5. Treak Cliff Cavern
Located in Castleton, Treak Cliff Cavern is an active mining spot that continues to process and manufacture ornaments and jewellery from Blue John stone. Treak Cliff Cavern began mining over 300 years ago and is one of the only two sites in the world where Blue John stone can be found.
The cavern itself comprises two sections: the Old Series and the New Series. On top of supplying the perfect souvenirs, Treak Cliff Cavern also has an on-site museum and cafe from which you can enjoy a slice of cake and a hot drink.
The Old Series cave was uncovered by 18th-century lead miners while the New Series was discovered in the 1920s. There is much to see in both sites, with plenty of Blue John in the old section and an abundance of stalagmites, stalagtites and flowstone in the new section.
6. Robin Hood’s Cave
Despite famously offering magnificent views below Stanage Edge, Robin Hood’s Cave is frequently missed by visitors. In fact, the landmark is so hidden and hard to find that it has come to be known as the ‘Secret Cave’.
Located in a remote section of the Lake District near Castleton and Hathersage, Robin Hood’s Cave is carved out of the Stanage Edge escarpment. To enter the cave, you must follow a path on the cliff face which is very difficult to spot and then scramble inside.
Let us reassure you that as soon as you find the entrance, the hardest part of your journey is behind you. The cave is relatively easy to navigate and leads to a stunning gritstone balcony with a 30-metre drop!
7. Thor’s Cave
Thor’s Cave is one of the largest and most spectacular caves that you can visit for free in the Peak District. While there are only 5 miles between Thor’s Cave and the village of Wetton, there is a fantastic opportunity to extend this walk to explore Manifold Valley along the way.
Visitors do not have to book a tour of the cave and are free to explore it at their leisure; something very unusual for a cave of this size. This makes Thor’s Cave a popular choice among tourists so it is advisable to visit during off-peak periods if you want to enjoy the space by yourself.
You can see that the rocks at the entrance of Thor’s Cave have been visibly polished down by the feet of millions of visitors over the years. While this visual record of history is amazing to see it also makes the entrance rather slippery so be sure to wear sensible shoes and enter with caution!
Unbeknownst to many, Thor’s Cave has an impressive claim to fame. It is the face of the OL24 Peak District map – a veritable cave celebrity!
8. Reynard’s Cave
Another hidden gem, the route to Reynard’s Cave is high upon the Derbyshire bank and is not signposted and relatively difficult to find. This cave is located high up on the bank of the Dovedale limestone gorge owned by the National Trust.
The rock formation holds a long history, having been formed by limestone erosion thousands of years ago. Since then, it has been used as a place of refuge by hunters in 13,000 BCE and is said to have been named after a local outlaw who used the cave as his hideaway.
While Reynard’s Cave makes an enchanting place to visit all year round, the bare trees of winter leave it at its most exposed, giving visitors an obstructed view to appreciate the limestone and gritstone rock formations in all their glory.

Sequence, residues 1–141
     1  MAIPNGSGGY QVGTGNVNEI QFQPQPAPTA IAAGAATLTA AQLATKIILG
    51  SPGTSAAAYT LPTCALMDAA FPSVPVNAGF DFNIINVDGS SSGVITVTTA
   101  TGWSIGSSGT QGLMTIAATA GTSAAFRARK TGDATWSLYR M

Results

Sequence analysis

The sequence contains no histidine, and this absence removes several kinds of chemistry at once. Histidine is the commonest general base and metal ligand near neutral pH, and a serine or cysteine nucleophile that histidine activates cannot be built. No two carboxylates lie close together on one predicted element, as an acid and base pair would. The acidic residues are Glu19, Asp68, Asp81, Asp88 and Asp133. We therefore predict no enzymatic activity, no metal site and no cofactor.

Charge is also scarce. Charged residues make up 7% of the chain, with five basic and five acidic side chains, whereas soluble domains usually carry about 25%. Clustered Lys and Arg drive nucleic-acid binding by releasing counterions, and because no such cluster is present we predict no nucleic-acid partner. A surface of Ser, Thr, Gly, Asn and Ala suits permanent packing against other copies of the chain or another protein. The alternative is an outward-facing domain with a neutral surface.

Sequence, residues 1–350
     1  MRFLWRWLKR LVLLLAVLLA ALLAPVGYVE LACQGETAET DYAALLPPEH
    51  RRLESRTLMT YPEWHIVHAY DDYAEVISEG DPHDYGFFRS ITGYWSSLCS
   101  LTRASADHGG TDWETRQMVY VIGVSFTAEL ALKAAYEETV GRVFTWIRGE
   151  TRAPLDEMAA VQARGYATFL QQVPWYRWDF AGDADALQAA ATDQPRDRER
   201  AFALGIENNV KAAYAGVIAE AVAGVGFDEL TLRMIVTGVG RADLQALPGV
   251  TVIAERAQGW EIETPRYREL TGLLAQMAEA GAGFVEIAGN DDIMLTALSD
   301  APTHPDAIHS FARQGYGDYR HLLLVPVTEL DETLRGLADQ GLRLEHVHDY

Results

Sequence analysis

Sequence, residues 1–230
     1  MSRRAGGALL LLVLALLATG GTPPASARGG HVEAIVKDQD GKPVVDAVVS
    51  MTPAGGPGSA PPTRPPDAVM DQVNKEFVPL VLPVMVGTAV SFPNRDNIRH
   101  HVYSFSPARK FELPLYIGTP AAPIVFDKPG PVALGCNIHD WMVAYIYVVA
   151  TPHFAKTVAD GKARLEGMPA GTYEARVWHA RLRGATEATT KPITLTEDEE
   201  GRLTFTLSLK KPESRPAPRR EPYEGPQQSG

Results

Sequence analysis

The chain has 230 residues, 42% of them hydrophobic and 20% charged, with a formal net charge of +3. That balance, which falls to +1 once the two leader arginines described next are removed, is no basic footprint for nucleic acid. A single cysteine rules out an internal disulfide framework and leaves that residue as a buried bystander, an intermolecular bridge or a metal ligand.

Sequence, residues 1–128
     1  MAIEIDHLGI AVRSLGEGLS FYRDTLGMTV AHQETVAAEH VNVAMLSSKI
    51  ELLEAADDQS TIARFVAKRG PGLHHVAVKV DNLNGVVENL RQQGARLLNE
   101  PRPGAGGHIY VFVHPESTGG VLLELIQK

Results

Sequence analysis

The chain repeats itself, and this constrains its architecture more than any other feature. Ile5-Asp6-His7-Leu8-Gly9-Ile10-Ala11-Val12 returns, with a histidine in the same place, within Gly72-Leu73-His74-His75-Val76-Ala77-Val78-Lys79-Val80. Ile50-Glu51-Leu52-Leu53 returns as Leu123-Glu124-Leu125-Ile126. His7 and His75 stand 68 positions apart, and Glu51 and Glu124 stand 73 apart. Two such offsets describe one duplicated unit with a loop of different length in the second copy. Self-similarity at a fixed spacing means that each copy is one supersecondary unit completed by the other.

Decent hiking boots are a must when visiting Reynard’s Cave as the journey to the opening is very steep. However, there are plenty of photo opportunities that will break up the journey plus the view of Dovedale from the cave mouth is well worth the hike.
9. Hermit’s Cave
Hermit’s Cave lies on Cratcliffe Tor, a mere twenty-minute walk from the village of Elton. While iron railings prevent visitors from entering, the mysterious stories surrounding the cave ensure that a trip to see it remains an exciting adventure.
You will see a magnificent four-foot crucifix inside the cave, with a niche for a candle by its side that is estimated to date back to the 14th century. It is thought that the crucifixion was carved in its place strategically to allow the hermit to see it from their sleeping ledge.
While the carving has been vandalised in recent years, the monument still stands in fantastic condition and offers a fascinating sight for any well-meaning walker. With the inside of the cave likely to be dark, it is advisable to bring a torch to avoid missing this magnificent sight.
The unique and varied landscapes of the Peak District make perfect spots for adventure, especially explorations of caverns. The huge range of caves in Derbyshire offers plenty of exciting geological points of interest, from classic pale-grey limestone to the purple-gold semi-precious mineral, Blue John.
The best thing about visiting the caves in the Peak District is that each one provides a very different experience, with distinctive aesthetics and unique histories. While the caves do provide some much-welcomed shelter from the elements, it is best to consult the weather forecast before heading towards those that involve a hike over intense terrains.
If you’re planning a trip to the Peak District and are looking for places to stay, why not take a look at our range of Peak District self-catering properties.